(a - l ) (a - 2)(a - 4) = 0 
a1=1 a 2 = 2 a 3 = 4 (1.3.11) 
Clearly most cases will not factor so easily, but the cubic can be 
solved by simple numerical methods. We can check the values for 
the invariants using these ai : 
IT = + f a3 = 7 
IIT = a102 + a1a3 -b 0 2 0 3 = 14 (1.3.12) 
IIIT = a l ~ 2 ~ 3 = 8 
To obtain the principal directions, we seek r,(i), which are 
solutions to 
For each principal magnitude eq. 1.3.13 results in three equations 
for the three components of each principal direction. 
These three sets of equations are solved for directions of unit length 
as follows: 
Thus the principal directions are 
where n(’) is rotated + 45” from the i 2 axis.* 
1.4 Finite Deformation Tensors 
Now that we have a way to determine the state of stress at any point 
in a material by using the stress tensor, we need a similar meas-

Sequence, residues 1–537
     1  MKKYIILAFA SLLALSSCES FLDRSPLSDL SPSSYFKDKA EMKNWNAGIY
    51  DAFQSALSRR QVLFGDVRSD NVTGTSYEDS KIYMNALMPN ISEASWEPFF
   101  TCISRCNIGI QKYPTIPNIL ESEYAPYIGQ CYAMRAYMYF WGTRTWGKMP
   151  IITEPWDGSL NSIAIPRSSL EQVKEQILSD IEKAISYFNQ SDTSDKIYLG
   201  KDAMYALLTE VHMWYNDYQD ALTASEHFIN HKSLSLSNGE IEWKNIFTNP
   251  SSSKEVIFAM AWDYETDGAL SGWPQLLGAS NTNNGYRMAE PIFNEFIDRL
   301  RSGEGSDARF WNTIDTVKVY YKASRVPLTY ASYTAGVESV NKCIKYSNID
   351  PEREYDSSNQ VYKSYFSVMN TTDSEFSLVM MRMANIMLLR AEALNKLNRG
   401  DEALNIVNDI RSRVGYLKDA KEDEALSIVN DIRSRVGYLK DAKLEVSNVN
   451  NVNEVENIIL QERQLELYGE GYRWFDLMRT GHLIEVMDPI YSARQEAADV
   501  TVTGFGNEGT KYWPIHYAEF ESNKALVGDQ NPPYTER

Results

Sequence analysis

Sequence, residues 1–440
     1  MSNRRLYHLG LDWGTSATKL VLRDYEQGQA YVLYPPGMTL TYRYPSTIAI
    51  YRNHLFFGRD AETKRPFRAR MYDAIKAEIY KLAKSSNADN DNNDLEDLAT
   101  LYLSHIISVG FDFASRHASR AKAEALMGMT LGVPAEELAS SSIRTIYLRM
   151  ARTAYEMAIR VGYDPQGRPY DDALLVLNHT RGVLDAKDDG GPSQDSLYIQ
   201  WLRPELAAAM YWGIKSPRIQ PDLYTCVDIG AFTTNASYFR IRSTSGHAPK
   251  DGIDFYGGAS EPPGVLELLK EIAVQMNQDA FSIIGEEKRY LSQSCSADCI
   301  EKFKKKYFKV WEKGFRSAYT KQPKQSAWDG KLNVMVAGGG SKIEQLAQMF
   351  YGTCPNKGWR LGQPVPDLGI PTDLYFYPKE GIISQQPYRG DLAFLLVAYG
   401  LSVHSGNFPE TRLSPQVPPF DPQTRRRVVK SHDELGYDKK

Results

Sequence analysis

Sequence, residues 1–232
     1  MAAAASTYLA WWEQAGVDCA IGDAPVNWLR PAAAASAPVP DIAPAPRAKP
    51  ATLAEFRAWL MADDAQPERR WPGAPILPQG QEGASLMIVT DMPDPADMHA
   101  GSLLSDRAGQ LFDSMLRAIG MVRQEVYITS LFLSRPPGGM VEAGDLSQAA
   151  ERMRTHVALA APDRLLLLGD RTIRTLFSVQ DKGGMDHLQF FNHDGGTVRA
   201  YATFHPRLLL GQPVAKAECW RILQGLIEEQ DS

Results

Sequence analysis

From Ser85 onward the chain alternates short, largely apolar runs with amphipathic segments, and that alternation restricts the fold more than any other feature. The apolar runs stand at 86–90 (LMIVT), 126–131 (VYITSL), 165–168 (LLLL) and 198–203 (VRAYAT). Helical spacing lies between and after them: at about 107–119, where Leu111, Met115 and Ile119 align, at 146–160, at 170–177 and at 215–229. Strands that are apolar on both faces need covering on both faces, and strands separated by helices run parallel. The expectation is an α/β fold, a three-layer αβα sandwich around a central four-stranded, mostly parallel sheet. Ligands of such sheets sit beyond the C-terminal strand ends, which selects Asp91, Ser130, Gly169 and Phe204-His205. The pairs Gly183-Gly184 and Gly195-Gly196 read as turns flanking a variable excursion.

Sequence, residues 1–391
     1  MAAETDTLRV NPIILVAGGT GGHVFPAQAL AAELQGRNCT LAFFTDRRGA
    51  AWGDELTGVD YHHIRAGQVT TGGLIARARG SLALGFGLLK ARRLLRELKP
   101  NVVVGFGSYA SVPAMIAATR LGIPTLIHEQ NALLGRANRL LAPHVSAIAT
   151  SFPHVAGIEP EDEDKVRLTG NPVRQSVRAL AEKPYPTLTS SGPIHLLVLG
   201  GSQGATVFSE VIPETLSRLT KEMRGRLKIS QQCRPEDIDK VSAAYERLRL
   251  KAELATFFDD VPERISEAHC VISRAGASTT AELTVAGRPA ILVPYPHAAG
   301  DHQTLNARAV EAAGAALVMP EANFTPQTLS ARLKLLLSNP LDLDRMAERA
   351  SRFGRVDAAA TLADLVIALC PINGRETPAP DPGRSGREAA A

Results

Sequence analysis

ure of deformation to complete our three-dimensional constitutive 
equation for elastic solids. 
Consider the small lump of material shown in Figure 1.4.1. 
We have drawn a cube, but any lump will do. P is a point embed- 
ded in the body and Q is a neighboring point separated by a small 
distance dx’. Note that dx’ is a vector. The area vector da‘ repre- 
sents a small patch of area around Q. We use the ’ to denote the rest 
or reference state of the material; or, if the material is continually 
deforming, the ’ denotes the state of the material at some past time, 
t’. From here on we concentrate on deformations from a rest state. 
In the following chapters we treat continual deformation with time. 
Now let the body